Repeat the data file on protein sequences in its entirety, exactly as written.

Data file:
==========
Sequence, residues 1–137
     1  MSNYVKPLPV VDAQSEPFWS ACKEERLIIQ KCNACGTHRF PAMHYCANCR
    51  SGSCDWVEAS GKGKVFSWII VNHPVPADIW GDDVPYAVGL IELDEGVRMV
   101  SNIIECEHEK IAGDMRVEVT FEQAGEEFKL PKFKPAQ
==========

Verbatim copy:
Sequence, residues 1–137
     1  MSNYVKPLPV VDAQSEPFWS ACKEERLIIQ KCNACGTHRF PAMHYCANCR
    51  SGSCDWVEAS GKGKVFSWII VNHPVPADIW GDDVPYAVGL IELDEGVRMV
   101  SNIIECEHEK IAGDMRVEVT FEQAGEEFKL PKFKPAQ